Musings of a Pantser!

Many times people ask me how to go about writing a novel. Some look at writing as such a daunting task. They think of outlining, plot structure, and word counts then instantly balk. “I can’t write 80k words!”

The thing is, you can do it. It doesn’t have to be hard. You just have to relax and not focus on the end result. That’s the single biggest thing that stops a new writer from finishing a story.

Back when I started writing Immortalis Carpe Noctem, I let that kind of stuff haunt me too. I felt I had to plot everything out. I worried if my chapters would be long enough and if I could really ever hit that magical word count to qualify as a novel.

It took me 5 years to finish Immortalis. Yeah, that is a long time, I know. But first novels can take a long time.

My problem was, I kept forcing myself into the little box of plotting out everything down to the smallest detail and then hating where the story went. I would try to force a chapter past its point, adding in too much unnecessary detail, because I felt each chapter needed to be a specific length.

Eventually, I set the manuscript aside, frustrated with it.

While I let that one settle, I allowed myself to “free write,” not caring if the story made sense or if it was ever going to be read by anyone.

You know what I found out?

The muse doesn’t like to be boxed in. At least mine doesn’t.

Some authors need that structure and that is great for them. Me, I needed freedom. And I’m willing to bet a lot of others need it too.

Once I realized that, I went back and finished Immortalis Carpe Noctem in a short time and started the crit and revision process. It was that “relaxing” and allowing my muse to speak without worry that helped me to finish my story.

So now, whenever I see a new writer saying, “Oh, I can’t write. It’s too hard.” I tell them the same thing. Just relax. Don’t worry about the end result. Get your story on paper the way you want it. After that, you can worry about “fixing” things. If you can’t get past the initial draft, you will never finish it and make your self frustrated.


Lorelei Bell said...

My favorite quote is: "There are three rules for writing a novel. Unfortunately, no one knows what they are." W.Somerset Maugham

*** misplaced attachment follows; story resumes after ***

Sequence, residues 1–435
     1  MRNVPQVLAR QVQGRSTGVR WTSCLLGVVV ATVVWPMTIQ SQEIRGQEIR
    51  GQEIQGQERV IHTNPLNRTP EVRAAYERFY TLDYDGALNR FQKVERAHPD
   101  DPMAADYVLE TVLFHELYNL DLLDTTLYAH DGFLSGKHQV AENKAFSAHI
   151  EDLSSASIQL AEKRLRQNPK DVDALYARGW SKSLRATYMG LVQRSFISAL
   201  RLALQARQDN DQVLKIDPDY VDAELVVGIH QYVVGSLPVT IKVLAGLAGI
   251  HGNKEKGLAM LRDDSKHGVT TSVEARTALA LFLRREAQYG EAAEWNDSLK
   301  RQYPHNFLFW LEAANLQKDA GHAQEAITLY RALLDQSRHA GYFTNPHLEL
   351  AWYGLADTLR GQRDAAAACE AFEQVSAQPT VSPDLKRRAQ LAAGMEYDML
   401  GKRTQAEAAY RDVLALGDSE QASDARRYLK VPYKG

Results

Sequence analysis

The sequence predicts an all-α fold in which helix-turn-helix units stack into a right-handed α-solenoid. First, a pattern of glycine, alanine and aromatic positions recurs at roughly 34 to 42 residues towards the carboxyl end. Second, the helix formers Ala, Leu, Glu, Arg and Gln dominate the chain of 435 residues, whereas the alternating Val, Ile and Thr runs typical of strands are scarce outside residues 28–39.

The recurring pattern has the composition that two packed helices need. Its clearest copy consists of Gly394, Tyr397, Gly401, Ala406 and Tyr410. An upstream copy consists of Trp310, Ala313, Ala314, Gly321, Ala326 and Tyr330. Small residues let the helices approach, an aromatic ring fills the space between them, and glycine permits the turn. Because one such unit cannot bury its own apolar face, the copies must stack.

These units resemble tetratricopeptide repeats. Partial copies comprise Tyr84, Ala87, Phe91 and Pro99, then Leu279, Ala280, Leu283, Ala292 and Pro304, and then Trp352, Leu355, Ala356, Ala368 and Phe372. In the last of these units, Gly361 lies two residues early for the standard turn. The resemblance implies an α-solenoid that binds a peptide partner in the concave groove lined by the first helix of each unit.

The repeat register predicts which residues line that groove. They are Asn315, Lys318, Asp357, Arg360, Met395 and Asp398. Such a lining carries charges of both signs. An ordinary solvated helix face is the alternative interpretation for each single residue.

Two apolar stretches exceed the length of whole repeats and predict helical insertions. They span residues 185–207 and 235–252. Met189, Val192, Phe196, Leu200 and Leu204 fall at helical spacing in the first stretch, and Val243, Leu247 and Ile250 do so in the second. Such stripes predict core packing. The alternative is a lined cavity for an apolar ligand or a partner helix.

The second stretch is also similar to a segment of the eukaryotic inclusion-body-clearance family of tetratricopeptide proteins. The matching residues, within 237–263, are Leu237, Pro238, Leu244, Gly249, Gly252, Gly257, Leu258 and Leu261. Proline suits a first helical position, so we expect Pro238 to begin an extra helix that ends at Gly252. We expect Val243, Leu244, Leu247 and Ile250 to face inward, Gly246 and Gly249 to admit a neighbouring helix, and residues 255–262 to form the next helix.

My problem is I have to reduce my word count. I've had whole books from what's left over. Sheesh!

Katie Salidas said...

Better to have too much than not enough. You can always find stuff to cut in editing.

Jessica Nelson said...

A box is so boring. *grin*

Willsin Rowe said...

I like it both ways ;)

I tend to start out just pantsing it, but once I've gotten through a draft, I can see themes which need to be tied together and resolved, so I go over the structure. It's kind of like laying bricks for walls, and then putting in columns afterwards. Nice post, Katie, as usual.

Katie Salidas said...

Yep Yep Willsin, that's exactly it. Free write the first draft then get down to business on the revisions and the next draft!

Jessica, you gotta think perpendicular to the box. If that doesn't work, then think adjacent to the box. =p

About The Author

Katie Salidas is a USA Today bestselling author and RONE award winner known for her unique genre-blending style.

Since 2010 she's penned five bestselling book series: the Immortalis, Olde Town Pack, Little Werewolf, Chronicles of the Uprising, and the all-new Agents of A.S.S.E.T. series. As her not-so-secret alter ego, Rozlyn Sparks, she is a USA Today bestselling author of romance with a naughty side.

In her spare time Katie also produces and hosts a YouTube talk show; Spilling Ink. She also has a regular column on First Comics News where she explores writing from a nerdy perspective.